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FSA fees reform could cut advisers’ bills by £45m

Reform of the way the Financial Services Authority calculates its fees would slash the bill for advisers by about £45m, says the Association of Independent Financial Advisers.

AIFA argues that advisers are shouldering an unfair burden when it comes to regulatory fees and has recommended reforms that would distribute costs more evenly.

The proposals are part of AIFA’s response to the FSA’s consultation on fees and are supported by evi-dence from forensic accountant RGL Forensics.

RGL Forensics says that in the short term the discrepancy in fees could be tackled by charging accor-ding to a firm’s profitability rather than the fee block system.

It is estimated that this would cut the bill for adviser firms from £70m to between £22.7m and £24.6m.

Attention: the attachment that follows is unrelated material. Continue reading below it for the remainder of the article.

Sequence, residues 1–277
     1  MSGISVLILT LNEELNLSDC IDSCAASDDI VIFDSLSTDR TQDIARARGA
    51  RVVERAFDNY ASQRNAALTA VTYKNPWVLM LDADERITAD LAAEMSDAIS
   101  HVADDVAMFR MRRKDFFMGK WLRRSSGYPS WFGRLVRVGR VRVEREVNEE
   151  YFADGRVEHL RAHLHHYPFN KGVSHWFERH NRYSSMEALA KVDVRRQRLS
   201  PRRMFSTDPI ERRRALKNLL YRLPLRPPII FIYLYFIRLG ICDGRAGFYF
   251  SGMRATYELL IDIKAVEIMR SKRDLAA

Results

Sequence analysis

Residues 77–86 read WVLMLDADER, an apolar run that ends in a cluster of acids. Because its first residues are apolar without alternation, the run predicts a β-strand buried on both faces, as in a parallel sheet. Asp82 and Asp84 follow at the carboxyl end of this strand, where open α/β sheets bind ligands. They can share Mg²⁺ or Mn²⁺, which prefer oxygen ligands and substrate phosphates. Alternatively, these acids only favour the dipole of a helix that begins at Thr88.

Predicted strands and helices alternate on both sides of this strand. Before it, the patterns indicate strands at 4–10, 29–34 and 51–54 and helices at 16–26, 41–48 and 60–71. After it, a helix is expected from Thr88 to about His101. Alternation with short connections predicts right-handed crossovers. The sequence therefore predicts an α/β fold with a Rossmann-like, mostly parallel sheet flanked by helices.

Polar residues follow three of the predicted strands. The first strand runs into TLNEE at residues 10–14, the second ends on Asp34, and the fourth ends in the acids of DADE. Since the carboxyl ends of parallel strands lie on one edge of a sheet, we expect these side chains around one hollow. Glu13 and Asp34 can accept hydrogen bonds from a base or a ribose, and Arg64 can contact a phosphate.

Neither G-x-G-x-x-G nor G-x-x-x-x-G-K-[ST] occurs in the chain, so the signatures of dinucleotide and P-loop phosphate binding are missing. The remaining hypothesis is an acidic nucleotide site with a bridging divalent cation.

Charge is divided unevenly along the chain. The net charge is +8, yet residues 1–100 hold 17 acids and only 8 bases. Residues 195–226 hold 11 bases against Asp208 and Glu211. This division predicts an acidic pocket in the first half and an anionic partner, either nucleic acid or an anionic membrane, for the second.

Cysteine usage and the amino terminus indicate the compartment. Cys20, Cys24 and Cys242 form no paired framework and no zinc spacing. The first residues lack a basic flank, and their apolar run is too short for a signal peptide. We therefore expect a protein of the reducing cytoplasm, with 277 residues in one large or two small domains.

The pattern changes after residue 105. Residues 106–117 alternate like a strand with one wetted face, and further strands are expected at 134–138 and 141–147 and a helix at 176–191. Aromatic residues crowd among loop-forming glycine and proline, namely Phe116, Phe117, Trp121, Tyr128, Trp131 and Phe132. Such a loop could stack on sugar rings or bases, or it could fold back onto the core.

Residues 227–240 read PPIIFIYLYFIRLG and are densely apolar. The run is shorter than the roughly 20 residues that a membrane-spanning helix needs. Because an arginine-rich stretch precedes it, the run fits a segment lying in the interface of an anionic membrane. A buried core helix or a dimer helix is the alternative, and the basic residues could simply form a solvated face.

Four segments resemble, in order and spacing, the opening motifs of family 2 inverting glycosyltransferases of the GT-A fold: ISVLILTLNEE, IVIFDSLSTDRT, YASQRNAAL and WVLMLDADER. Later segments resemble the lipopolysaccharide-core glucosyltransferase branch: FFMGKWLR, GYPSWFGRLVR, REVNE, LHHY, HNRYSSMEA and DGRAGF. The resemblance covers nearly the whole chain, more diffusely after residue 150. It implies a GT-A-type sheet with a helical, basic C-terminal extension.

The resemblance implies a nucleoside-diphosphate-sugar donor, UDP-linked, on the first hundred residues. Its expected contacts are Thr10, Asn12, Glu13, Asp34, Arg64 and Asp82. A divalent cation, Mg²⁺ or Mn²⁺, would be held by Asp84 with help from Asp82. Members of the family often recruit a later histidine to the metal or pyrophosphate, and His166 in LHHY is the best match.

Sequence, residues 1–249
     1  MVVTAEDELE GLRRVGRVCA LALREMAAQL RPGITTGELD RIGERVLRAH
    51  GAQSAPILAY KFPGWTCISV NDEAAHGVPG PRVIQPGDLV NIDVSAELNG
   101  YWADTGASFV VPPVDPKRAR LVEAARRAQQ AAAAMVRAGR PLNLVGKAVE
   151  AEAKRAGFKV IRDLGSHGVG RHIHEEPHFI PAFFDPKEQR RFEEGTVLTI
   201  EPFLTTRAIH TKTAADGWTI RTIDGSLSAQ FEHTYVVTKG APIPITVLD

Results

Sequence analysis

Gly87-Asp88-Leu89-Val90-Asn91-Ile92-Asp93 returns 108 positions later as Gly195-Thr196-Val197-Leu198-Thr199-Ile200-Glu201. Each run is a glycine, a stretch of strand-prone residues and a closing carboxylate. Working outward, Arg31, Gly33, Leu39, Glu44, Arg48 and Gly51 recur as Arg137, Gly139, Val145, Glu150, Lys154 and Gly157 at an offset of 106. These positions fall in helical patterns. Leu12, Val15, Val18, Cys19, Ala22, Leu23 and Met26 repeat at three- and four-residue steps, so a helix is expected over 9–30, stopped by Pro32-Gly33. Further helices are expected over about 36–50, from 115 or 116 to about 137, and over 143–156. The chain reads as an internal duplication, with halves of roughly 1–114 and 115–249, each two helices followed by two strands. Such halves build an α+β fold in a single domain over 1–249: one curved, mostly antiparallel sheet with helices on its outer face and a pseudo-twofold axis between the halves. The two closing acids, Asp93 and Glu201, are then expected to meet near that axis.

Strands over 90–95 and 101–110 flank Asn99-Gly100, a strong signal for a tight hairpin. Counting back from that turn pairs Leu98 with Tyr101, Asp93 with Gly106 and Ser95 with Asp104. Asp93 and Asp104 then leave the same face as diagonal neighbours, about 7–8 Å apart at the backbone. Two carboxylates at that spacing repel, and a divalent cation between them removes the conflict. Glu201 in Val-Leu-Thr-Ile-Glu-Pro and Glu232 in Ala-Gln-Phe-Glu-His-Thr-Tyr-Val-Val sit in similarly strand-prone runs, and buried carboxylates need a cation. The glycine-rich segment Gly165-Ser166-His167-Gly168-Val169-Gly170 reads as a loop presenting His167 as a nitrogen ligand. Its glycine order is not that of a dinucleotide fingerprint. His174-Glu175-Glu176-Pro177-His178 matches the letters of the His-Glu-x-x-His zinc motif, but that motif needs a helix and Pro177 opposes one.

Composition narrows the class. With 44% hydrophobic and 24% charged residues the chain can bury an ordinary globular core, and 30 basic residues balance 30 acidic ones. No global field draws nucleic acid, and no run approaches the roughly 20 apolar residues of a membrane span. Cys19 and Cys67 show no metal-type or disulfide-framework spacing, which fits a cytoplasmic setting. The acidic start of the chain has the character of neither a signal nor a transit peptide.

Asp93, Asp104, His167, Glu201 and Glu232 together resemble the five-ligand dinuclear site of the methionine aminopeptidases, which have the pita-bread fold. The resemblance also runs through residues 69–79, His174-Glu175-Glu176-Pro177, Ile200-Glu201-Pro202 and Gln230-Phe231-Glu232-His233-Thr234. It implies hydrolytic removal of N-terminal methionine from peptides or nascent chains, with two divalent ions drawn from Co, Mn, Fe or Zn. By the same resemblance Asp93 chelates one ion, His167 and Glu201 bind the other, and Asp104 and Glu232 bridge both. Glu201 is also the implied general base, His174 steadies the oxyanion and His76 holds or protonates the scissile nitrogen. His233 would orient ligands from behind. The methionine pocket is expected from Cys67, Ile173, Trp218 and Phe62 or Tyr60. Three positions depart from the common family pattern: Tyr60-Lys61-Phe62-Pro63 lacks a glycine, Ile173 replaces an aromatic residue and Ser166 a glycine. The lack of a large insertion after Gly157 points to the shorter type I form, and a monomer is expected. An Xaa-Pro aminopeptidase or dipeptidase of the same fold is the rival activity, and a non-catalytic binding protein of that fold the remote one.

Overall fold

The long-term plan is to overhaul the fee block system so that advisers would pay an amount that relates to how much they earn from different financial products.

AIFA director-general Chris Cummings says: “The analysis from RGL Forensics sets out a simple redistribution of FSA’s indirect costs that are currently allocated to the fee blocks without justification. This would be a significant step forward.

“We then hope the regulator will work with us on a radical overhaul of the entire fee system.”


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